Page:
Post 640: The late Louie the ginger cat loved snow.

I’ve mentioned Louie the ginger cat before. He was a nearly 24 pound (10.8 kilos) ginger tabby cat, a real man’s kitty. You could wrestle him like he was a dog!

Louie came to me by way of the local animal shelter, where he did some time as a stray cat waiting for someone to claim him. But no one did, amazingly, and when I went to the shelter to pick another cat (the short-lived Freckles), Louie pranced and preened in a cage nearby, daring me not to fall in love with him. And I did! 

louie ponders an outside life

As a former stray, he also loved his creature comforts, but he also loved the snow. If Andy barely goes as far as the door and Dougy carefully avoids getting snow on his feet if he can, Louie got right with it, sniffing, walking in it, catching up on the local cat messages other cats left for him to find.

Louie checks the fir tree for birds.

Louie checks the fir tree for birds. Yeah, I shoveled a little path through the drift for him!

DSCN0421-1 DSCN0420-1 DSCN0419-1 DSCN0418-1

Inside, Louie filled the traditional cat's role of helpful meatlump.

Inside, Louie filled the traditional cat’s role of helpful meatloaf.

Louie was a good ol’ cat!  I was devastated when he died August 1, 2011 of lymphoma. Until his last day, he didn’t even act sick, then the only sign was he wouldn’t eat his supper meal. 


22 thoughts on “Post 640: The late Louie the ginger cat loved snow.

  1. Now Louie is my type of mancat. I like the snow too and would love to have a partner to talk about the snow messages from other anipals with. Dad shovels a path for me too…I am so sorry you’re no longer with us Louie. We’ll have fun when I go to the Rainbow Bridge. Kisses to you my man cat. Dougy and Andy…you two are terrific guys….just not snow cats.


      • I learned cats are notoriously difficult for hiding illness until things are pretty grim. I am in the habit of feeling my cats for lumps, any changes when I pet them, and felt especially bad I didn’t detect Louie’s illness. I felt a bit better when his veterinarian told me the condition manifested itself in lymph nodes were swollen but that I couldn’t detect that way. One of those ruptured, spilled infection into his body cavity, and that is what killed him, poor kitty. Even if we’d have detected it at that point, he most likely wouldn’t have survived.

        One thing I find amazing about cats is how many diseases, really nasty and harmful ones, they can come down with. I see these old cats and come to think of them (cats in general) as durable. Not necessarily so.

  2. Lymphoma is such an awful disease… Unfortunately even in humans you often dont notice it until its too late 🙁 anyhow! He was beautiful! Thank you for sharing this with us. 🙂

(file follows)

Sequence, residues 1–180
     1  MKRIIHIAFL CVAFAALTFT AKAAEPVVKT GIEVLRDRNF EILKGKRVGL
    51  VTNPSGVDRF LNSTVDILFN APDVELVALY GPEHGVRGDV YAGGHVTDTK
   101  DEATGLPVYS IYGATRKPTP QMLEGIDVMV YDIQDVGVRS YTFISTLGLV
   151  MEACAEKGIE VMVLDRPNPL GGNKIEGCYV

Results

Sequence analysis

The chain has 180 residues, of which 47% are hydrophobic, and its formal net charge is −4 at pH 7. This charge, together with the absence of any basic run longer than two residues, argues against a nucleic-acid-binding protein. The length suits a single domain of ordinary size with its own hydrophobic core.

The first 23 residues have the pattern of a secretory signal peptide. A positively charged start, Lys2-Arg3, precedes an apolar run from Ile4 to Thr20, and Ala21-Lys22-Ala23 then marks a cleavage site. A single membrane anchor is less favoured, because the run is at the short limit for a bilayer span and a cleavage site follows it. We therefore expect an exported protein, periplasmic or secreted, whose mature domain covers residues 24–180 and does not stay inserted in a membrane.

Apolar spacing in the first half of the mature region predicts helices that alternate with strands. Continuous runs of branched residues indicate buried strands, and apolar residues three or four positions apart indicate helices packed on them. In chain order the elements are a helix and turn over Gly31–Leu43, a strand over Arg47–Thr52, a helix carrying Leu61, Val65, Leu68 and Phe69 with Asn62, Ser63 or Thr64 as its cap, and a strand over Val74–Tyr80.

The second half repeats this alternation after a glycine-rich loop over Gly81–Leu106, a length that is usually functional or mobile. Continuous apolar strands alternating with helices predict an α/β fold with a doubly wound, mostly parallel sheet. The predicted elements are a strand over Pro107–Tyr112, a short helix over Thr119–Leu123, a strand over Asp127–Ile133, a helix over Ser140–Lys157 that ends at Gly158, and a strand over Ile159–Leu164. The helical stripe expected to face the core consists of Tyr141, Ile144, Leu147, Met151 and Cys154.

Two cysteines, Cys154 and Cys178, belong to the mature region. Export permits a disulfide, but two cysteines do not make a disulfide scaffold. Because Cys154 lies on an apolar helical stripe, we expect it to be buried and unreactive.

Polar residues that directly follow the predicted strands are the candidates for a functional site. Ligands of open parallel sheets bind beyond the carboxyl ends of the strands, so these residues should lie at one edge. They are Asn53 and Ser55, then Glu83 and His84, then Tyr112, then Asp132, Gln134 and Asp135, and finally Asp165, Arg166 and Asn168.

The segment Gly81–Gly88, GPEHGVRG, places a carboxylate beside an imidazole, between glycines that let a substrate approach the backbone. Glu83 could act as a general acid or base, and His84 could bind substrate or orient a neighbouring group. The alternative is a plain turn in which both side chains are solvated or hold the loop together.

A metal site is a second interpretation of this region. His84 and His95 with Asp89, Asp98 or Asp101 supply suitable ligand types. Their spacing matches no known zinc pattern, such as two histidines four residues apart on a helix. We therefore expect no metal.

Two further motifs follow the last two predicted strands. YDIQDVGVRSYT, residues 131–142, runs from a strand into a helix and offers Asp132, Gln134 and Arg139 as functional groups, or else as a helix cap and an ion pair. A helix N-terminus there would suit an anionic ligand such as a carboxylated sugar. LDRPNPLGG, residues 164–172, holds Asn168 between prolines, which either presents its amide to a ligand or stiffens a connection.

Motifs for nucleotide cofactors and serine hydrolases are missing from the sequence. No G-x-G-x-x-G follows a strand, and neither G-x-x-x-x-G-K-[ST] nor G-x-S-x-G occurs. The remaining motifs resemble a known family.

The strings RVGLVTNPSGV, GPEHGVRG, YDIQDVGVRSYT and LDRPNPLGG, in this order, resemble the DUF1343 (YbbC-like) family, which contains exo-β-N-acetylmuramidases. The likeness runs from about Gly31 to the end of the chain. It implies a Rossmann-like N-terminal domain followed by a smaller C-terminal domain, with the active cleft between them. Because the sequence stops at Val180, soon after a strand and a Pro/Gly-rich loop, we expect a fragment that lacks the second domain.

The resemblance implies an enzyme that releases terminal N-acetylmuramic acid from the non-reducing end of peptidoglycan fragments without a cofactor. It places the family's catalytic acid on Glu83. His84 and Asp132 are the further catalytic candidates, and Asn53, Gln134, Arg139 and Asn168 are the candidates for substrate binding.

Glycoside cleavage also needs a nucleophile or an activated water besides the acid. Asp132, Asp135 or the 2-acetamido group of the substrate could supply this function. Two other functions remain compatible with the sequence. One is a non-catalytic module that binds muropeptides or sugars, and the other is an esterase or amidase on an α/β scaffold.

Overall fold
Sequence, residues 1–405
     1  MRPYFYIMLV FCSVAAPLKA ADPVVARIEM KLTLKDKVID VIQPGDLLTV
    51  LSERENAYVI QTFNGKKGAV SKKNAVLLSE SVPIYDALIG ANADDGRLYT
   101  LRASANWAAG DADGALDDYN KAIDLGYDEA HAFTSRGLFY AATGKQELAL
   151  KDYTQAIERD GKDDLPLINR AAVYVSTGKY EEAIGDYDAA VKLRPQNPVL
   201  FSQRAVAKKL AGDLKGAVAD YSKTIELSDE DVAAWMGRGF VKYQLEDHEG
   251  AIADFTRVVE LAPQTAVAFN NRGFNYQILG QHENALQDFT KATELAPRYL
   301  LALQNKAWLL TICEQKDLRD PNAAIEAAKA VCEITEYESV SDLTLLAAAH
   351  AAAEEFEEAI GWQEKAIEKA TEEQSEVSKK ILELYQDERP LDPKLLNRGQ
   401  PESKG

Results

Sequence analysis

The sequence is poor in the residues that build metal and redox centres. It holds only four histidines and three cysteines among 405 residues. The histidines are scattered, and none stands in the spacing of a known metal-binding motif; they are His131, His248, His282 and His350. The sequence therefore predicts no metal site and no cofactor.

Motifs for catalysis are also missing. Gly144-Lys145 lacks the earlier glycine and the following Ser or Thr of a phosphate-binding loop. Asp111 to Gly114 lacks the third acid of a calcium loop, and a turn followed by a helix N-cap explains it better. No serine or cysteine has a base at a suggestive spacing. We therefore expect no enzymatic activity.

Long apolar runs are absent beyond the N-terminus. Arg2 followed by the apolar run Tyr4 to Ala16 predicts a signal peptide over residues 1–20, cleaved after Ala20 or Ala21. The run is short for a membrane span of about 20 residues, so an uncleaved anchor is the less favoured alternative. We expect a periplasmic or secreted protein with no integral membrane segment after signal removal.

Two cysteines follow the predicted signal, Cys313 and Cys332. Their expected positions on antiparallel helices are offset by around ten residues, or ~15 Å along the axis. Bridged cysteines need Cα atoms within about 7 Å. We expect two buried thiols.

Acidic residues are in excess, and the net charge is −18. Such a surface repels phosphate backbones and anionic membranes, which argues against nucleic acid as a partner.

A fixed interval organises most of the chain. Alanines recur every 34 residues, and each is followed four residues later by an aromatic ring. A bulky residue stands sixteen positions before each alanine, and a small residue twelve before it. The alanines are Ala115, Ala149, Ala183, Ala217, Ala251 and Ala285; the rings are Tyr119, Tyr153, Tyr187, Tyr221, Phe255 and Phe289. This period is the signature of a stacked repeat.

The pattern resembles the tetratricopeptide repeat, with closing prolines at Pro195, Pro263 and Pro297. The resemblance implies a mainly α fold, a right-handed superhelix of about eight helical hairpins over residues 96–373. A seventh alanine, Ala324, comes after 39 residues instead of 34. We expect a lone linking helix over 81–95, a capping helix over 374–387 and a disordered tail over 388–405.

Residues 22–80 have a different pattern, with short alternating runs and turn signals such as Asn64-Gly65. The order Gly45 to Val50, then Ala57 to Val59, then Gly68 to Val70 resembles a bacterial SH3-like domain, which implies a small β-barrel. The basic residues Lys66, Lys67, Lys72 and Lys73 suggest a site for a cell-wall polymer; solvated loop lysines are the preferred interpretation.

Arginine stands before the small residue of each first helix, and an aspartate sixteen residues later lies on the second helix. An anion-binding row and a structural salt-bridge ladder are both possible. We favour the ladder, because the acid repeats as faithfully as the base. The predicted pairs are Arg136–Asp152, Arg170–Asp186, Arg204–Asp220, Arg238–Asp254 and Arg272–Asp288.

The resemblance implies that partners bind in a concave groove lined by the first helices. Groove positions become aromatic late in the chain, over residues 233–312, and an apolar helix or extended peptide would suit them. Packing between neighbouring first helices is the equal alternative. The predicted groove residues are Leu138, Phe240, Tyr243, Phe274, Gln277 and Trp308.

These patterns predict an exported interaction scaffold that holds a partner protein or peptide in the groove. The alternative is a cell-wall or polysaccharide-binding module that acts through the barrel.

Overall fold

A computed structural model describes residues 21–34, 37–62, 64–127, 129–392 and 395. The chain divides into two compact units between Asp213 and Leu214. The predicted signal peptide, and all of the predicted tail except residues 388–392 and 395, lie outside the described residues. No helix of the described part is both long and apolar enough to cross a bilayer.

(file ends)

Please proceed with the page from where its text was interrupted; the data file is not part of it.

• He was so well-behaved and personable, I couldn’t believe anyone would fail to pick him up at the shelter after he was taken there by the animal control officer. After I had him about a year and a half, I even had his veterinarian wand him to see if he had a microchip. Of course, by then, I wouldn’t have given him up for anything! It turned out he didn’t have one. (Both Andy and Dougy got their microchips when I had them neutered. It’s an relatively inexpensive way to assure you have a good chance of getting them back if you lose them for some reason.)

  3. Louie was a beautiful cat, Doug. Yes, cats can compensate and compensate until they crash. We lost our Mr. Beaucastel from auto-immune hemolytic anemia. Crashed one evening after eating his supper, resulting in an emergency visit to our local vet who referred him to a larger veterinary ER. Two transfusions later over that weekend it was apparent he was not going to make it, so he was euthanized and brought home for burial. He was 18 years old. Still missed. Always will be.

    • That’s exactly how it is. They live with us as family, and when they die, it isn’t any different than it would be if another family member died. I’m glad I had Louie for the short time I did, but had looked forward to seeing him live into his teens. He was roughly seven when he died.

      • So sad to hear that – my Mashka succumbed to Toxoplasmosis January 2011 – when she was not even 6. I know how “betrayed” one feels by such a premature death. At least we know, they died much loved and had a home!

        • How sad…! Yes, and we each learned something new about cats that we need to watch for or prepare for as much as possible. “Betrayed” is very much the feeling alright. Louie was a very active cat. I liked following him on his walks because he took me to some interesting places. Of course, he sometimes stopped and did cat things while under people’s windows, and that was embarrassing for me to be standing on the lane, looking suspicious! Ha! I =filmed some of those walk=s, both as videos and as still shots that told the story.

Leave a Reply. You may comment using your, Twitter, Facebook, or Google+ accounts.

This site uses Akismet to reduce spam. Learn how your comment data is processed.